Inflammation of the vocal cords and windpipe are signs of croup. Find out what causes croup to give proper treatment.
What Is Croup?
Croup is a common respiratory illness in which the vocal cords (larynx) and the area below them in the windpipe (trachea) are inflamed. Croup is usually caused by a virus, such as the parainfluenza virus, adenovirus, or respiratory syncytial virus (RSV). Croup is associated with a harsh, barking cough and noisy breathing. Croup occurs most often in late winter, particularly in children between the ages of 3 months and 5 years. Spasmodic croup is a croup-like cough without any signs of infection present, usually the result of an allergic reaction in the windpipe or trachea.
Symptoms and Signs of Croup
Croup usually begins as a common cold with a stuff or runny nose and fever. After a few days, the child's voice will seem hoarse and the child will develop a harsh cough, described as sounding like a seal's bark. The child may also have problems drawing air into the lungs because of inflammation in the airway. The whistling noise that results when breathing in is called stridor. The cough and difficulty breathing occur most often in the evening after the child has gone to bed, or in the middle of the night. In cases of spasmodic croup, the child may not have cold symptoms before the coughing begins, but the cough and breathing symptoms are the same as in children with infectious croup.
Children who are born prematurely or children with known asthma may develop more severe symptoms of croup. In general, however, croup goes away within a few days, though symptoms can occasionally become severe. Sometimes a child who is having difficulty breathing may have rapid, labored breathing or wheezing combined with a barking cough. The child's skin color may be pale and blue around the mouth due to lack of oxygen. If you notice this serious symptom, call 911 or a doctor immediately as your child may need hospitalization.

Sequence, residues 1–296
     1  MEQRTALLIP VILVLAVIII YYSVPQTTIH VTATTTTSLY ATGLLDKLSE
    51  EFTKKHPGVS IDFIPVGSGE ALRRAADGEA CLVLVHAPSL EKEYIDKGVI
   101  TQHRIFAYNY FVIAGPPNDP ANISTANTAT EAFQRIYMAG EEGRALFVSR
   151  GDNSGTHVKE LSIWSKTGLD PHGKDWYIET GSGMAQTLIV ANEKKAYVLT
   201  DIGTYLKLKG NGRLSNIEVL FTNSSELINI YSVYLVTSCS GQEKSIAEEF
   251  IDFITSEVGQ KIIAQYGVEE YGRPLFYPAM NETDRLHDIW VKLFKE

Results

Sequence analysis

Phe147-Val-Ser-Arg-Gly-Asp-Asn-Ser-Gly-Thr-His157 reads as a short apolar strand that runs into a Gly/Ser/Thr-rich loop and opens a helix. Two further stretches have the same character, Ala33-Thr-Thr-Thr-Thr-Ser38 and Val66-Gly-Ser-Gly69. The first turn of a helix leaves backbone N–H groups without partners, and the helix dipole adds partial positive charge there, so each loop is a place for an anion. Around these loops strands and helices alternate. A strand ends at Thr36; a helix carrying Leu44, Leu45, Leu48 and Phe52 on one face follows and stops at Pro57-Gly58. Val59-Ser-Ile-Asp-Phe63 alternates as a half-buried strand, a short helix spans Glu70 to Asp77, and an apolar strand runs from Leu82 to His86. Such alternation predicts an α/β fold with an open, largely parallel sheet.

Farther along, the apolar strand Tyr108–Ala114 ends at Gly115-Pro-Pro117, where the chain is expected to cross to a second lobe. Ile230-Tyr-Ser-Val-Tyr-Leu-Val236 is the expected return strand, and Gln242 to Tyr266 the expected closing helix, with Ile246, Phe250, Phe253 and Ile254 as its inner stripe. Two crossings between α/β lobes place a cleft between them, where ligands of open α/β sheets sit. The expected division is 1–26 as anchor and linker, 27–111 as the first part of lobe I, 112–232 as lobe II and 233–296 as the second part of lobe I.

How to Prevent Croup
It is difficult to prevent your child from developing croup, as a number of common cold viruses can cause the condition. Frequent hand washing and avoiding close contact with people who are sick may reduce the risk of infection.
Treatment for Croup
Antibiotics are not helpful since croup is usually caused by a virus, not by bacteria. If your child has croup for the first time, contact a doctor immediately if there are signs of difficulty breathing, dehydration, high fever, drooling, and an inability to swallow saliva. This may be a sign of acute epiglottitis, a rare but potentially life-threatening infection of the epiglottis.
If your child has had croup before and you recognize the symptoms, try these measures:
- Give your child plenty of liquids to drink.
- Prop your child up in bed with pillows and keep his upper body raised so he will breathe more easily.
- Some children feel better when they breathe in cool and damp air. Take your child over to an open window or open the freezer door.
- Other children improve after breathing warm, steamy air. Take the child into the bathroom after filling it with hot shower steam. Sit in the room for about 10 minutes. Have your child inhale the humid air directly or through a damp towel. You can also use damp towels to increase the humidity in your child's room
Sleep near enough to your child so you can follow the course of the illness. The symptoms may improve during the day, but worsen again for two or three nights. Always try to stay calm: It is important to comfort your child. If you're anxious, your child will quickly sense this and become anxious and afraid herself. This may make her breathing worse.
Contact a doctor immediately if your child does not start breathing more easily with the treatments. Your child may need treatment in a hospital to receive oxygen, medication to open the airway, and intravenous fluids.
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